This winter, escape the winter chill and cozy up to the big screen at Bay Street Theater & Sag Harbor Center for the Arts on Sundays during the Sag Harbor-based theater’s East End Music Film Series hosted by Suzy Elmiger.
“John Shaka, an active member of the Bay Street Theater and Sag Harbor Center for the Arts Community Connections Council, suggested I think up a short series of films to screen,” explained Suzy Elmiger, an accomplished editor whose resume includes Robert Altman: Short Cuts and Ready to Wear and Alan Rudolph’s Mrs. Parker and the Vicious Circle and Afterglow. “My favorite docs remain music films, so I thought it would be great to have one on East End filmmakers who made music films.”
The viewings will begin on Sunday, January 31st with A.K.A. Doc Pomus, which will include a discussion with filmmaker Sharyn Felder. A.K.A. Doc Pomus follows the life of Brooklyn-born Jerome Felder, who was paralyzed with polio as a child, yet managed to find a way to reinvent himself as a blues singer, going by the name of Doc Pomus. He was also responsible for penning dozens of hits like Save the Last Dance for Me, This Magic Moment, A Teenager in Love, Viva Las Vegas, and more. “If the music industry had a heart, it would be Doc Pomus,” record producer Jerry Wexler recalled. The film features rare archival imagery, interviews with the musician’s collaborators and friends, including Dr. John, Ben E. King, Joan Osborne, Shawn Colvin, Dion, Leiber and Stoller, and B.B. King, and readings from Doc’s private journals by Lou Reed, one of his close friends.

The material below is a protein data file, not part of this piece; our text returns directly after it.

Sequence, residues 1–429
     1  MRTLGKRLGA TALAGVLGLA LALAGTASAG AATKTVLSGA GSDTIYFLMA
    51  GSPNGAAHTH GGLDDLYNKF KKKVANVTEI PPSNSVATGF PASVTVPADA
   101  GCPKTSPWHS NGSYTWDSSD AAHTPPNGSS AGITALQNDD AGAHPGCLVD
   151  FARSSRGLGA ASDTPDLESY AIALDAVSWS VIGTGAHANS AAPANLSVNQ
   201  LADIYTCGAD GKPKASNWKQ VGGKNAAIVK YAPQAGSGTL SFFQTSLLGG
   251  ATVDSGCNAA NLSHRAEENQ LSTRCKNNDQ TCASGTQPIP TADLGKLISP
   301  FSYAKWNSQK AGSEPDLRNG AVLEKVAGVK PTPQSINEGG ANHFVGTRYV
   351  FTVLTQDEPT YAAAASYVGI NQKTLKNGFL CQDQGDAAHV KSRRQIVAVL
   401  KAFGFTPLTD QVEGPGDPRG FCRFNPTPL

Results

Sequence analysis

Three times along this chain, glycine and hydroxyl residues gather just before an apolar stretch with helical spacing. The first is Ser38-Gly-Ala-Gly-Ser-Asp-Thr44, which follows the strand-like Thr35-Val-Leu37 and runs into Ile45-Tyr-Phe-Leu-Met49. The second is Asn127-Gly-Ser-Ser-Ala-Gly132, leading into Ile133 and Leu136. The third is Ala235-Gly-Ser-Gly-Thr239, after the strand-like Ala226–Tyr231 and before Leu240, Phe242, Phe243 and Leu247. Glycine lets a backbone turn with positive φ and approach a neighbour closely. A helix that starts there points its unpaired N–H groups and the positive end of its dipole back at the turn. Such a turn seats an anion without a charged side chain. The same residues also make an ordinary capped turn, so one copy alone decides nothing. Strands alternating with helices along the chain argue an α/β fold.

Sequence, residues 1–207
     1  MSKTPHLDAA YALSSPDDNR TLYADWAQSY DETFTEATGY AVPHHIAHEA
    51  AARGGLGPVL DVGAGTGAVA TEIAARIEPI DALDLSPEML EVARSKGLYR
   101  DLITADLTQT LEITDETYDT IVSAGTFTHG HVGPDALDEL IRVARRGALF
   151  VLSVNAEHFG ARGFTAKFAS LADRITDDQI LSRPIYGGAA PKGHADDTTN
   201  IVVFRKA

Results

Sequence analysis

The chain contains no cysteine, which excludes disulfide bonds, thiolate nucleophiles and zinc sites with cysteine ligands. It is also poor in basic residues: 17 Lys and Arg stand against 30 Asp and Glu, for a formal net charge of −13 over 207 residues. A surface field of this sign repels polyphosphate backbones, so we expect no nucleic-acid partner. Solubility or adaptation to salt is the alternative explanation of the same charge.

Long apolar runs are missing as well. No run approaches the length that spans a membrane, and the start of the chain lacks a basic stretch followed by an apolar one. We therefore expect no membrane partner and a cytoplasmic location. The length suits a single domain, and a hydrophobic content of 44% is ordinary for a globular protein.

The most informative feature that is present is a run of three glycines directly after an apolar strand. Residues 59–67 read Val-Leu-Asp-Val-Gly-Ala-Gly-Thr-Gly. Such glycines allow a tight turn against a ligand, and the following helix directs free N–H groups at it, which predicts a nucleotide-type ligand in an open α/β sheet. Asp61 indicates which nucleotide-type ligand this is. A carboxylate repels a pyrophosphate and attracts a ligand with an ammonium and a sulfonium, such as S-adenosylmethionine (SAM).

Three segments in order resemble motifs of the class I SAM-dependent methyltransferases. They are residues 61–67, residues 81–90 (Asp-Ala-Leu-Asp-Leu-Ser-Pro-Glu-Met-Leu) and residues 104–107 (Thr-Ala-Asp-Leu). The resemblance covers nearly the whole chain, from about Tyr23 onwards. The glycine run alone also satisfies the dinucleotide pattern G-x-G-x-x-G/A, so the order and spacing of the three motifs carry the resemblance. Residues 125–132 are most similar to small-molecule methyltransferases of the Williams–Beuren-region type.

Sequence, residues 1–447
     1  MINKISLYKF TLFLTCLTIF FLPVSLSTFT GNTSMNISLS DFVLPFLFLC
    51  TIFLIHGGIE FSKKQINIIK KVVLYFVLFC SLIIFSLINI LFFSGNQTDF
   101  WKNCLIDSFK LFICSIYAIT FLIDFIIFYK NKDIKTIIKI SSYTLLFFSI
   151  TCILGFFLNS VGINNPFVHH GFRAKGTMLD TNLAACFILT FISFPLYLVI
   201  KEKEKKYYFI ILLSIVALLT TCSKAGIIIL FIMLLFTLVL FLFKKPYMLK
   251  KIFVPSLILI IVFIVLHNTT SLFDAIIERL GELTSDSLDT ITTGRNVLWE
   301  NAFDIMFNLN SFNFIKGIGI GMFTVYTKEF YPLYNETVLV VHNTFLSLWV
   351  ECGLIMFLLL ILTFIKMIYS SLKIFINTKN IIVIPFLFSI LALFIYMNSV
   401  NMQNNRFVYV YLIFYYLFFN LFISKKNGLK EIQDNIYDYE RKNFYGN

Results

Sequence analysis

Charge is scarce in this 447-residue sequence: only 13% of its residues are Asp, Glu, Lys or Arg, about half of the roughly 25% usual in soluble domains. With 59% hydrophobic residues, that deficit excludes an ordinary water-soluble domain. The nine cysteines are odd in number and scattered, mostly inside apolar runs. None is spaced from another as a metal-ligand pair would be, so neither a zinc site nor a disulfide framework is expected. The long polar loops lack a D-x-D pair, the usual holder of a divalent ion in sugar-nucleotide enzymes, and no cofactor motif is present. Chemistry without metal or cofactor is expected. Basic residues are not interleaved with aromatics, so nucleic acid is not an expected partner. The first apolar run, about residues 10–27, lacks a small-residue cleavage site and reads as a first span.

On Sunday, February 7th, enjoy a screening of D.A. Pennebaker and a discussion with the film’s subject, Donn Alan (D.A.) Pennebaker. Considered one of the pioneers of cinema verite filmmaking, Pennebaker received the Oscar for Lifetime Achievement in 2013. He and his colleague Richard Leacock created one of the original completely mobile 16mm synchronized camera and sound recording systems, a product that revolutionized filmmaking and helped to establish the instantaneous style of shooting that is so popular nowadays. Throughout his career, Pennebaker’s films ranged from the Broadway debut of Jane Fonda (Jane), to President Kennedy’s presidential primary run against Hubert Humphrey (Primary), to the desegregation of the University of Alabama (Crisis). He also directed Don’t Look Back, which followed Bob Dylan’s last acoustic concert tour in England. It was a movie that broke box office records and is considered a classic of both documentary and rock filmmaking. The Bay Street film series will include viewings of Daybreak Express, Audition at RCA, Company – The Original Cast Album.
The series will conclude on Sunday, February 28th with Voices of Sarafina! by Nigel Nobel. The 1988 American documentary covers the anti-apartheid musical stage play Sarafina! The film follows a troupe of South African teenagers who, under the guidance of writer-lyricist Mbongeni Ngema, produce the Broadway play.
Screenings will start at 2 p.m. Tickets are $15 per film.
Bay Street Theater & Sag Harbor Center for the Arts is located at 1 Bay Street in Sag Harbor. For more information, call 631-725-9500 or visit www.baystreet.org.